Thats right, training right at the limit of endurance has both positive and negative implications. Too much, too hard or too often training with excessive acidity will actually reduce, especially in the ST fibers (your aerobic base of support) aerobic capacity. Endurance coaches know this phenomenon as “Death by Threshold” it is common among those who engage in too much high intensity training. This is what we see all the time with people who engage in many of the HIT fitness exercise routines so popular right now such as Cross Fit. Excessive or exclusive use of these exercise fads and programs where you are operating at your endurance limit for the whole workout and doing it 3-5 days per week literally destroys the individuals aerobic capacity. I point you to our book again. There is a great deal if physiological info there to support this.

    So HIT (High Intensity Training) like these ME workouts, is very important. But, it must be a supplement to a big aerobic base, not a substitute for it. While engaging in HIT (ME) you must maintain a high volume of Z1-2 training to offset the negative effect of all the HIT on the ST fibers aerobic capacity.

    This is why we carefully prescribe a high aerobic volume during the ME phase and why we precede it with a big aerobic base building phase. This concept is lost an a great many fitness websites even those that claim to cater to mountain athletes.

    I hope this helps your understanding.

    Scott

    Participant
    Tess on #5982

    Scott,

    Thank you so much for such a comprehensive and well-explained reply. I now recall the dicussion in the book about excessive acidity destroying the aerobic base; I suppose I wasn’t considering the uphill water carries as HIT.

    The slight irony is that up until I converted to TFNA, the bulk of my training was Crossfit and HIT – I suppose I was seduced by the whole “free lunch” thing! When I returned to mountaineering at the start of this year (specifically that masochistic version called Scottish Winter Mountaineering – ask Steve) I couldn’t understand why I was literally floundering on winter crag approaches and front-point approaches to climbs, despite many sessions of burpees and thrusters! I now know, courtesy of your book, that I had all but destroyed my hard-earned aerobic base! The good news is that I reckon I’ve recovered my previous fitness, now doing 1 hr 20 min Z1 runs and managing to carry 25% of my BW uphill for 2500ft in the same time (planning to improve on the latter in the coming weeks).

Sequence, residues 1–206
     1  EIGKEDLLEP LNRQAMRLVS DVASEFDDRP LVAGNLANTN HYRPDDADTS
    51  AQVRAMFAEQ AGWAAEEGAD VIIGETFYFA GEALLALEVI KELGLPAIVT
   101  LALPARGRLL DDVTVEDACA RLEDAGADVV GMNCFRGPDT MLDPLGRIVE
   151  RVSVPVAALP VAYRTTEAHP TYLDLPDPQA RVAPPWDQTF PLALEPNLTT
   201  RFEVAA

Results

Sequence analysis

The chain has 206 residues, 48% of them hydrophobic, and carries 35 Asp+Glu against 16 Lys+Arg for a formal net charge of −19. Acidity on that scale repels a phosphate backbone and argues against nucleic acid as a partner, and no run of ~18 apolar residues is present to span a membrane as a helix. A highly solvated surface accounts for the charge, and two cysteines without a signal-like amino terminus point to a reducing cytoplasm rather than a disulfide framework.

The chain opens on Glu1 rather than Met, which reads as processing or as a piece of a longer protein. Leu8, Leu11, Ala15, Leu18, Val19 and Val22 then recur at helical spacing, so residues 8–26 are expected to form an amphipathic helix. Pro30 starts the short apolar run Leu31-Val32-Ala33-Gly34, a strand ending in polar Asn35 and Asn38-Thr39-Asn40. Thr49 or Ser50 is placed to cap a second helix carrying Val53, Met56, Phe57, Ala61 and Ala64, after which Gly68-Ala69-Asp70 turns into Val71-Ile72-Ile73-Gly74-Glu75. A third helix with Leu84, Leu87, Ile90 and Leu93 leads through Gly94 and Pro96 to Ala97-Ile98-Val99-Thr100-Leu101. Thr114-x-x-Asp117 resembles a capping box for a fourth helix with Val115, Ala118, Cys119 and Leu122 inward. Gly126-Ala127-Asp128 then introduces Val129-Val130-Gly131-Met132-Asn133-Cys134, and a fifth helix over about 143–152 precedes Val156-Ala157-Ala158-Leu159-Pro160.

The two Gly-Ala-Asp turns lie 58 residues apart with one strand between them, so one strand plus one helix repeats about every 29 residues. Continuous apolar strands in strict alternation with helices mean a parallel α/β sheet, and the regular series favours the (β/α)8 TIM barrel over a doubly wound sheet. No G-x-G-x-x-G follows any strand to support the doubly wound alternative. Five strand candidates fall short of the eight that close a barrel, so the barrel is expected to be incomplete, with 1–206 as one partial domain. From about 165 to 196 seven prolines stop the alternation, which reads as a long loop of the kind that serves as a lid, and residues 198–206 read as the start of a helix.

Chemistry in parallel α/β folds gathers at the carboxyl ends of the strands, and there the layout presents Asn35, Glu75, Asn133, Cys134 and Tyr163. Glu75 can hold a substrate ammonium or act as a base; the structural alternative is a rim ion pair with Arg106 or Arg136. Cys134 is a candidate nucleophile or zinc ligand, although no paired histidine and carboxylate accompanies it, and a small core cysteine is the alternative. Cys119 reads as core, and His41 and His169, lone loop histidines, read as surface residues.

Anyway, once again thank you for such a wonderful training resource and taking the time to patiently answer the questions on the forum.

    Kind regsrds,

    Simon

    Participant
    sambedell on #6063

    Hi Scott,

    I have a clarifying question… how did this work for David Roeske whose program sounded like it was almost entirely composed of two massive ME workouts per week?

    I was personally considering emulating the Roeske plan for my later base phase next spring but am now wondering if it might make more sense to dial them back a bit and include more regular Z1/2 workouts? Can you comment on what variables athletes should consider when deciding how to create an appropriate balance between ME and aerobic base work?

    Thanks as always for your input.